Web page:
How to make your website mobile today

It's 2010 and your users are on smartphones and iPads. Here's how to make sure your website is too

By Dori Smith, InfoWorld |  Internet, web development

These lines set up two event handlers: one to trigger when the page loads, and the other to trigger on orientationchange -- which is just what it sounds like. Both of them call the resetPage function:

function resetPage() {

var classVal =

(Math.abs(window.orientation)==90) ? "landscape" : "portrait";

document.getElementById("container").setAttribute("class", classVal);

setTimeout(scrollTo, 0, 0, 1);

}

This function only has three lines, but it accomplishes a lot. The first line checks the window orientation; if it's +90 or --90, it sets classVal to landscape; otherwise, classVal is set to portrait. The second line tells container that it has a new class attribute, classVal. The two together are what let you know if the device is horizontal or vertical. The last line does a little bit of useful trickery: If you look back at Figures 2 and 3, much of the screen real estate is taken up by the address bar. Here, this last line tells the browser to window to scroll a tiny amount, which is enough to move the address bar out of the way.

That darn Droid. Did you notice the one bit of code I skipped in the onload handler? It was the call to the function androidSS:

function androidSS() {

if (navigator.userAgent.match(/Android/i)) {

var fileref = document.createElement("link");

fileref.setAttribute("rel","stylesheet");

fileref.setAttribute("type","text/css");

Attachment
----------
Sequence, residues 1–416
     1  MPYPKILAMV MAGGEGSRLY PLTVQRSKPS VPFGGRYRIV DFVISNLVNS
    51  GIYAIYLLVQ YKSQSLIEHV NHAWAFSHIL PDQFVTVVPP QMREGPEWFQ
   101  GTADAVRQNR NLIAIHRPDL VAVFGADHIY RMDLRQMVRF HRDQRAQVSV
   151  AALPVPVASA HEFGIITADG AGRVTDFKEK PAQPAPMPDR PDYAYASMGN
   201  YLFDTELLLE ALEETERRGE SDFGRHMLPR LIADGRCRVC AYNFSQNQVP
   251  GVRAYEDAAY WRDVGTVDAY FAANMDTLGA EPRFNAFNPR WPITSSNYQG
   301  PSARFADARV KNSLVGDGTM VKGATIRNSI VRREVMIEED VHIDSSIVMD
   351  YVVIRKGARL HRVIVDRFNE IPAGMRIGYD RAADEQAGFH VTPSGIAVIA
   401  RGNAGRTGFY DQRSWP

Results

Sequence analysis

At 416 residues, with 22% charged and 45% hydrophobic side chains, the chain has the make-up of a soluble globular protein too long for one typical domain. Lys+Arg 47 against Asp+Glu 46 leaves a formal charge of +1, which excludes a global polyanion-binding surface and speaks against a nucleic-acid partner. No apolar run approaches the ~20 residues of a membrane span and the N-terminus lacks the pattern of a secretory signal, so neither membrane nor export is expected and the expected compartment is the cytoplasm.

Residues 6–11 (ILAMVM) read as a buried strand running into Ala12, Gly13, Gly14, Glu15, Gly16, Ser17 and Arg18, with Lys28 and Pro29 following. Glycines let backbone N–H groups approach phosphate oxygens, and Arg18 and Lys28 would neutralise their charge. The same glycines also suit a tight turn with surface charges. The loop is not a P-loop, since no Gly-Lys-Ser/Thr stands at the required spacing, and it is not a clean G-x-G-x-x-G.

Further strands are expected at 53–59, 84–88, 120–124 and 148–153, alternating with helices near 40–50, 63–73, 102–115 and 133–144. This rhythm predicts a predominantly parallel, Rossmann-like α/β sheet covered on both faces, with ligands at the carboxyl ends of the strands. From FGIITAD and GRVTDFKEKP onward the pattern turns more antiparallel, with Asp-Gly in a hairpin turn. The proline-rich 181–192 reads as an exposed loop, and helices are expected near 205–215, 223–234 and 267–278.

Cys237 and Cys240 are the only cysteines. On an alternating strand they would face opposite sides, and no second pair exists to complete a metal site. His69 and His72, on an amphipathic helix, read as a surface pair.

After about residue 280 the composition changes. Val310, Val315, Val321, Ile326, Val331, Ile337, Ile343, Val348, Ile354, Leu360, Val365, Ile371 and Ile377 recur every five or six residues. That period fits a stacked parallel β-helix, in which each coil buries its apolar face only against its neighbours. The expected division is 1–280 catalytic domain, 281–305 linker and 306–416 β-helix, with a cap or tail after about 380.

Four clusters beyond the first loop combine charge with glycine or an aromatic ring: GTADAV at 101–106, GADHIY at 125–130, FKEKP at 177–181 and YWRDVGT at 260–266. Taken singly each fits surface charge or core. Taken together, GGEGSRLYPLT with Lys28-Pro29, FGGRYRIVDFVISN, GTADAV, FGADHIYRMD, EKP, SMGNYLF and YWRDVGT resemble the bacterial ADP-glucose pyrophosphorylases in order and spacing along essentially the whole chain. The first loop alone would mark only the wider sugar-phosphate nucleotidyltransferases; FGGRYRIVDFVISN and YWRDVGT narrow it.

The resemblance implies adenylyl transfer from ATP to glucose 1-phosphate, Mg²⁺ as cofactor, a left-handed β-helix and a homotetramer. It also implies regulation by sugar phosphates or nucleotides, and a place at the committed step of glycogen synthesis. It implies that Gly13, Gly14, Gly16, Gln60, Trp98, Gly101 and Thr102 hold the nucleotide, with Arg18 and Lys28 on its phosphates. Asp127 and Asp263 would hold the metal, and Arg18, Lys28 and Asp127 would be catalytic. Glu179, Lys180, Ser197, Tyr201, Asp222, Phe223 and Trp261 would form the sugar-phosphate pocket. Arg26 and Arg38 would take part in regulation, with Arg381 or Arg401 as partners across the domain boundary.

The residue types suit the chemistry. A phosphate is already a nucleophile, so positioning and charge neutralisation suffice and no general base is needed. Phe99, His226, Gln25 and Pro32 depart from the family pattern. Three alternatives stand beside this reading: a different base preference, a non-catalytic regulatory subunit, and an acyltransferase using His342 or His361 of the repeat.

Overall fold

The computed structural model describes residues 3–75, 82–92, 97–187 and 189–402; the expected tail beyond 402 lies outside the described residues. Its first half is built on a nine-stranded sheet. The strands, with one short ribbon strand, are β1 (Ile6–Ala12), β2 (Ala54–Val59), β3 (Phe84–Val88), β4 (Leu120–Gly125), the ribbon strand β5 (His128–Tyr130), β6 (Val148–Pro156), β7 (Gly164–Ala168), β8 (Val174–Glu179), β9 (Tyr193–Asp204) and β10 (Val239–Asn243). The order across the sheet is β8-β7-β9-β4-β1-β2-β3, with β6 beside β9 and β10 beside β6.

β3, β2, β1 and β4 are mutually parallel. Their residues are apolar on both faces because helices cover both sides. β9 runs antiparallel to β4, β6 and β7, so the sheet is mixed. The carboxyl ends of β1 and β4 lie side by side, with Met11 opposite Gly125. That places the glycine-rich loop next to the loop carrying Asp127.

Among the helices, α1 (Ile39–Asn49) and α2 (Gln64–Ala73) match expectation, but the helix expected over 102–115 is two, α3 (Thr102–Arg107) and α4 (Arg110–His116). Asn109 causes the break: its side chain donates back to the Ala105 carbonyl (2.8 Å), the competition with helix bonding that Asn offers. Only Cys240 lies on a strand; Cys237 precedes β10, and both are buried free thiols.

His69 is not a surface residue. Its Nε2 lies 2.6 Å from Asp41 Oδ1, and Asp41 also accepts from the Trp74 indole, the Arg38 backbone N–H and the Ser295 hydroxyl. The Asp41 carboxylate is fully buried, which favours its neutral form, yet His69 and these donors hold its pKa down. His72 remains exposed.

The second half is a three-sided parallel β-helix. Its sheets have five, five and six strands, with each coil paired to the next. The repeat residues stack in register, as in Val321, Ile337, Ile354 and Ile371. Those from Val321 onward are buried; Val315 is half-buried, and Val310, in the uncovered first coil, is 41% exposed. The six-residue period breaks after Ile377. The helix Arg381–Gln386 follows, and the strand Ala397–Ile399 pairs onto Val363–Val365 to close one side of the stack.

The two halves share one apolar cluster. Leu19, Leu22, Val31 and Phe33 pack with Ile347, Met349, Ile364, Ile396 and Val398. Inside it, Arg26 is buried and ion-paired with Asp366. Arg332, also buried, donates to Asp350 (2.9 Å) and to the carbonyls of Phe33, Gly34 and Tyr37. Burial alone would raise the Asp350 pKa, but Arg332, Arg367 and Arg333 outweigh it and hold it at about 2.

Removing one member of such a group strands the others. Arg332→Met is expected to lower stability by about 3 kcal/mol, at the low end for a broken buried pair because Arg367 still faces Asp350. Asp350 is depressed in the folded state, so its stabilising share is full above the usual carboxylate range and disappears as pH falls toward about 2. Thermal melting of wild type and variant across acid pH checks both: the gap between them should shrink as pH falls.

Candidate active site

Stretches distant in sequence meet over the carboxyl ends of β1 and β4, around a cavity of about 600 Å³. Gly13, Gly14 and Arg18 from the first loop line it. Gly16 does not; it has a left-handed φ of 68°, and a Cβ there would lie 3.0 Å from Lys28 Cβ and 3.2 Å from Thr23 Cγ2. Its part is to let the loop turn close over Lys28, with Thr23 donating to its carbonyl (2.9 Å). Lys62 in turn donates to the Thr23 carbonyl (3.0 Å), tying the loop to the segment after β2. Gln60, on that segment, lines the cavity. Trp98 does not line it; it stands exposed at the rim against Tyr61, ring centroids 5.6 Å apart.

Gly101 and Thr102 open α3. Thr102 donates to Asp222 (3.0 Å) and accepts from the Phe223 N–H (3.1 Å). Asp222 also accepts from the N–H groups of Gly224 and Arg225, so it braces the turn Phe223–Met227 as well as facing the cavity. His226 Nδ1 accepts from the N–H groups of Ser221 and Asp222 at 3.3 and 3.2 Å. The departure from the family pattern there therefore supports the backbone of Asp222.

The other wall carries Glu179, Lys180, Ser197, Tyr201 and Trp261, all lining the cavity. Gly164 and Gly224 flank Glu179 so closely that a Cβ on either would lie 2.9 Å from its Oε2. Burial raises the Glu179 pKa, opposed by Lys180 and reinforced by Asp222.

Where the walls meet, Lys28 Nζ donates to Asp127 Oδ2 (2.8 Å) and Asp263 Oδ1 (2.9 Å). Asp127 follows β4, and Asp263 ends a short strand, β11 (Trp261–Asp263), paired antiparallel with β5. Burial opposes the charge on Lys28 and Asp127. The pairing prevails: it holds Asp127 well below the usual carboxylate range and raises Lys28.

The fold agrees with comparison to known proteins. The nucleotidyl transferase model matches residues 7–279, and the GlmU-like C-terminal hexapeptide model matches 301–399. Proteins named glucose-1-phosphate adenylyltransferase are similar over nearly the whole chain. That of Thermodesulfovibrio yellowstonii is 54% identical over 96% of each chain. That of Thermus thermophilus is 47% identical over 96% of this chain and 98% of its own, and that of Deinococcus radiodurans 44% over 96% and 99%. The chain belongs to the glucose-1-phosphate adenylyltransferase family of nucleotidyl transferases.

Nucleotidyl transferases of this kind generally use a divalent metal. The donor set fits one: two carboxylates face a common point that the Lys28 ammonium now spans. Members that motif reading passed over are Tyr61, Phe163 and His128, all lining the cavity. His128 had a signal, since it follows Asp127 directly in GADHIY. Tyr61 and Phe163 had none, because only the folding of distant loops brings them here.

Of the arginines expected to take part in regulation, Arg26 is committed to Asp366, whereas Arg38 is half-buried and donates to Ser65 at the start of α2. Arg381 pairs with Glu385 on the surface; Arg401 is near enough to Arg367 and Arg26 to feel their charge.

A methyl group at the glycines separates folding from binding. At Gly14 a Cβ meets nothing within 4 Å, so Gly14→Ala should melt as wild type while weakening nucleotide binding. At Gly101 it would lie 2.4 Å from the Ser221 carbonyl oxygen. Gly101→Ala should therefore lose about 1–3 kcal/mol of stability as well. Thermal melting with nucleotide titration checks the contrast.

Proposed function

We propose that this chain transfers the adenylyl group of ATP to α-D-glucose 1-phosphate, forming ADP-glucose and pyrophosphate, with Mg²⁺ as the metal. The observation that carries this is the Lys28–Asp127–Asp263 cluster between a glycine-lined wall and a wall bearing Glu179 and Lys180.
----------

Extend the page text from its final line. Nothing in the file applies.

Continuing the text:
fileref.setAttribute("href","mobile3.css");

document.getElementsByTagName("head")[0].appendChild(fileref);

}

}

It looks to see if the browser is an Android device by checking if its userAgent contains the string Android. If it does, this function appends another style sheet, mobile3.css. There's no way to reliably use media queries to target all (and only) Android devices; instead, you should use JavaScript.

The result: Appropriate -- not identical -- displays across devices

While testing devices, I found a number of websites that documented how the Android should handle various situations. I tested sites with the Android emulator in addition to, of course, using an actual Android smartphone. I found that only on rare occasions did the docs match either of the displays, and that was still considerably more common than the emulator matching the phone's output. To get somewhat dependable results, I ended up duplicating several of the styles from mobile.css. Here's what's different:

h1, h2, h3, h4, h5, h6 {


Originally published on InfoWorld |  Click here to read the original story.
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